Supporting small business: It’s not just about profit

By: Jason Small

This authentic Honduran restaurant has a powerful message for other small businesses facing COVID-19.

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If you’ve never been to Honduras, Rafael Larios would love to see you in his restaurant.

One of his favorite things about the family’s business of more than 20 years is watching reactions from customers tasting samples for the first time. “I give them food samples and, as they try a few options, it gets harder for the customer to choose because each sample gets better and better. I love seeing them taste it for the first time,” says Larios who co-owns this family business with two locations in Southern California.

But keeping their business afloat right now requires a blend of resourcefulness and adaptation—and for them, still prioritizing ways to give back to the community. Right now, that means serving free meals at certain times to those in need--even when things are this tough for the business.

Food culture

Honduras Kitchen doesn’t just want to serve you Honduran food. They want to educate you and give you an experience that includes the music and culture of Honduras.

“I want our customers to feel like they’re taking a mini-vacation in the Caribbean,” Larios says.

In their Long Beach and Huntington Park locations, they only serve authentic Honduran cuisine. Other restaurants often bring in secondary cuisines. His parents started the business in 1992, and he still remembers being 10 years old and cutting tomatoes and onions at the restaurant.

Now, both locations are staples of the local community.

Adapting to a new normal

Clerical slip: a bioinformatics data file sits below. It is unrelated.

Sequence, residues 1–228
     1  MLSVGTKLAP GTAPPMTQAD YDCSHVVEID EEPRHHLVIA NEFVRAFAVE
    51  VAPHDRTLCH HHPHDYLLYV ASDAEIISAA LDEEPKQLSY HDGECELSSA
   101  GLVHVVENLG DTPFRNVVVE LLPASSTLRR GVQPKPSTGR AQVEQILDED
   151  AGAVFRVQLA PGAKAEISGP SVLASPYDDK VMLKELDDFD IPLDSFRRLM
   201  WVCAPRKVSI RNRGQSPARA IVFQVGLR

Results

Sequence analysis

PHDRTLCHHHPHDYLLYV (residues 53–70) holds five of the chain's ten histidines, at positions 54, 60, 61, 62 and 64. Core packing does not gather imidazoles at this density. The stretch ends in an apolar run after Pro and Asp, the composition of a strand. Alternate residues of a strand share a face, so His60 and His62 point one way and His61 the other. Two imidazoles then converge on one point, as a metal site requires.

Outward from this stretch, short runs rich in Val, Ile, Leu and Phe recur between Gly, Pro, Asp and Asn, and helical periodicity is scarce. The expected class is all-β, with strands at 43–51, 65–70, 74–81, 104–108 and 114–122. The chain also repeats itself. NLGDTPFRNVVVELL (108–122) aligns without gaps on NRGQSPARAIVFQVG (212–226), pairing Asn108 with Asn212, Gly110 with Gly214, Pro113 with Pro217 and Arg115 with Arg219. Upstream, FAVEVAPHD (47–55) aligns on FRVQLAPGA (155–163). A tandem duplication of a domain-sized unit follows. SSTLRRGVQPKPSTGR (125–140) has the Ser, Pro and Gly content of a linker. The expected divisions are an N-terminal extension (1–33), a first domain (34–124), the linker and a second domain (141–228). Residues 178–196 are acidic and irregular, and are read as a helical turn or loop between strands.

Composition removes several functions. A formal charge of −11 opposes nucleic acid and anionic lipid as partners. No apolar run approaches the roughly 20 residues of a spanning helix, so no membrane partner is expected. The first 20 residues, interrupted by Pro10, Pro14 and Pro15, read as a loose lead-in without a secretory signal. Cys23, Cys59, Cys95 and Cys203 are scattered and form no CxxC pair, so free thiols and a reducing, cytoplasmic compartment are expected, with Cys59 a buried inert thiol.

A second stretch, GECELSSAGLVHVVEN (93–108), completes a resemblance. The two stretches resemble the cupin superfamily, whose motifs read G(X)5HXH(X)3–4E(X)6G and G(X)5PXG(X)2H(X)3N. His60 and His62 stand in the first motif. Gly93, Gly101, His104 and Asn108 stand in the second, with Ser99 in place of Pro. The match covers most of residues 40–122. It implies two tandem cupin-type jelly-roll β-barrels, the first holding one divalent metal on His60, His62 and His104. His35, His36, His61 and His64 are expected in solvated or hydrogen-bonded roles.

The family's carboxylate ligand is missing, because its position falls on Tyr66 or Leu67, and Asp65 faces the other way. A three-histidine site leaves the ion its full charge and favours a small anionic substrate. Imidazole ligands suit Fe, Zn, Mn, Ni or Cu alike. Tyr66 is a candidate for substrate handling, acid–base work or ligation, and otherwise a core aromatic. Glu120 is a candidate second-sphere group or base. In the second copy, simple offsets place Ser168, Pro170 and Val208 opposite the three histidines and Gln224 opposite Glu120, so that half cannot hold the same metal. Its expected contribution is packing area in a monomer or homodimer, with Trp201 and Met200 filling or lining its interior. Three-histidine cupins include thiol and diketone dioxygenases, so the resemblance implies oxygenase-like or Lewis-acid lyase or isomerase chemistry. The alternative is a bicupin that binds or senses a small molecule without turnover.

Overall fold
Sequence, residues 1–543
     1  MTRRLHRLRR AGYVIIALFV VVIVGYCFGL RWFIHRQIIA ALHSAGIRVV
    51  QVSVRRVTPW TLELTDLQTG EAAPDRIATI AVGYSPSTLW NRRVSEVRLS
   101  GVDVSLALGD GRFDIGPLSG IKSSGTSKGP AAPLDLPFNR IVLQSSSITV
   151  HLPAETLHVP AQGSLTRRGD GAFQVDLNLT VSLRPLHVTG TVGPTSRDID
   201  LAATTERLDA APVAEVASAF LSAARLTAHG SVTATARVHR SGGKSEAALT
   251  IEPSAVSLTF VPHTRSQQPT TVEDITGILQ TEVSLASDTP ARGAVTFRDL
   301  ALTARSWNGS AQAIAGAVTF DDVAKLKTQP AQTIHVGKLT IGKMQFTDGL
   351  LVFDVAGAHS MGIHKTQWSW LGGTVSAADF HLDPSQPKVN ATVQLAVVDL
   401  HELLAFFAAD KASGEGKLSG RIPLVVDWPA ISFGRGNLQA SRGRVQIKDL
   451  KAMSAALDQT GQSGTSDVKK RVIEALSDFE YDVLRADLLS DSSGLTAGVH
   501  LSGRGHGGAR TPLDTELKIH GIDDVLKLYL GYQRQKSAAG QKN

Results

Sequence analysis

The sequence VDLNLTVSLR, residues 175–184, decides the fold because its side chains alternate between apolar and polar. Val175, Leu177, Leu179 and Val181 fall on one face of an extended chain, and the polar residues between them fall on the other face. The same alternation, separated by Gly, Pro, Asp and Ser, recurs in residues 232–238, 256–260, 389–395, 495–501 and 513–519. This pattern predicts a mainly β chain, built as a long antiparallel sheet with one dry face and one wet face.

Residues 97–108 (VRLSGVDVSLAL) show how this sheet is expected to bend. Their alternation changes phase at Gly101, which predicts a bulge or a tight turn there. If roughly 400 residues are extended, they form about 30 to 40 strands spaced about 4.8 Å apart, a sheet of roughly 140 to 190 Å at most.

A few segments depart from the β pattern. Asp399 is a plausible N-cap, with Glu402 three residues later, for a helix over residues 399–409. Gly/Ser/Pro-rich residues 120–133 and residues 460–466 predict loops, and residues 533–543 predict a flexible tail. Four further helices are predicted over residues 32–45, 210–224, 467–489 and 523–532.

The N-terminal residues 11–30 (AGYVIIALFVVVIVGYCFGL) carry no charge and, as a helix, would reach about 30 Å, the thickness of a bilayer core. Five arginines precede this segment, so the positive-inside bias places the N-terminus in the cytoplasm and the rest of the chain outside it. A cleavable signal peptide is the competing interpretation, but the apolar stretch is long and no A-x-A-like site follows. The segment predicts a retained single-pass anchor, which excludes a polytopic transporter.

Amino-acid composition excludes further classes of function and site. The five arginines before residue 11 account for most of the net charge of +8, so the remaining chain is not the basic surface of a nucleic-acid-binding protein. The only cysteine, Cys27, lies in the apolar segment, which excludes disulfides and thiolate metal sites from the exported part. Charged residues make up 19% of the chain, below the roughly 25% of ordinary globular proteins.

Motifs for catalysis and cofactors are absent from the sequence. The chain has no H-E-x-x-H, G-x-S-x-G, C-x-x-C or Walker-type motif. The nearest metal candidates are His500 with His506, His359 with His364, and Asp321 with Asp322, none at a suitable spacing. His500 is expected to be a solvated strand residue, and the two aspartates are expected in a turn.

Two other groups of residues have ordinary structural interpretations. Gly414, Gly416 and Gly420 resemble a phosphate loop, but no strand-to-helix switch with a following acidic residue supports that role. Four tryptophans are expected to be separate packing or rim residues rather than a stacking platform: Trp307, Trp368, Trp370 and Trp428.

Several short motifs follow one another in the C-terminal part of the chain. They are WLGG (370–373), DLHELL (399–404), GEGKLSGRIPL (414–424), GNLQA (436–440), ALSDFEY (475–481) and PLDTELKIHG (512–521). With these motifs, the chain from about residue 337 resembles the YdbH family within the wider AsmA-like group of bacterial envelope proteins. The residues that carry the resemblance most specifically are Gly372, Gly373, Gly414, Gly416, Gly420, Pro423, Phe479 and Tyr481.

When COVID-19 hit, Larios and his brother told their elderly parents to stay at home to protect them. The brothers now run both locations without supervision, and their parents get a little taste of a hard-earned retirement.

The safety of their employees and customers are a top priority. To adapt, the brothers had to quickly optimize the menu for take-out and delivery. But another key priority is their relentless commitment to community.

In 1998, Hurricane Mitch hit Honduras and the restaurant found ways to collect support and send it back.

Now staples in their new community, they give back even in the midst of the toughest challenge ever to their business.

Monday through Friday, from 10 a.m. to 11 a.m. anyone can come in--no questions asked--for free carryout food. It’s one way they help those in need. But they are also giving delivery drivers and any delivery personnel that bring shipments to their restaurants some food for free–as a ‘thank you’ for doing what they do.

A powerful message

Larios recognizes why they must adapt to survive. But he also recognizes that their survival isn’t just for the sake of profit.

His perspective is much wiser and borne from the foundation his family business has instilled in him. “Look for all of the resources that might help you get by. Because you’re not just taking care of yourself – you are taking care of your community, your employees and your family.”

Larios sought resources and found them. He is a grantee of the Verizon Small Business Recovery Fund through the Local Initiatives Support Corporation (LISC). Verizon has committed to donating up to $7.5M to LISC, which has established and administers the Verizon Business Recovery Fund with those donations.

“Receiving a grant from the Verizon Small Business Recovery Grant is exactly what it sounds like. It’s an opportunity for us to continue to stay open. It’s an opportunity for us to continue to pay our employees and continue to pay our vendors. It’s an opportunity for us to continue to succeed and to keep moving forward instead of backwards.”

Join Verizon’s #PayItForwardLIVE initiative benefiting local communities by sharing ways to support small businesses.

About the author:

Jason Small focuses on storytelling for the Verizon communications team. His background includes online and offline roles in digital marketing and communications within corporate, agency and startup environments across more than 20 brands.

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